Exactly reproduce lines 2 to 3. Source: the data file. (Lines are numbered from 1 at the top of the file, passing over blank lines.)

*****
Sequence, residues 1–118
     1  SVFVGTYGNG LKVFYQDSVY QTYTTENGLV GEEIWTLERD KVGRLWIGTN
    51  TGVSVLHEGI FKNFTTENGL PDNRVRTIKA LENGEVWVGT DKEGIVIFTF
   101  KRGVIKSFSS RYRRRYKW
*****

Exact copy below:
     1  SVFVGTYGNG LKVFYQDSVY QTYTTENGLV GEEIWTLERD KVGRLWIGTN
    51  TGVSVLHEGI FKNFTTENGL PDNRVRTIKA LENGEVWVGT DKEGIVIFTF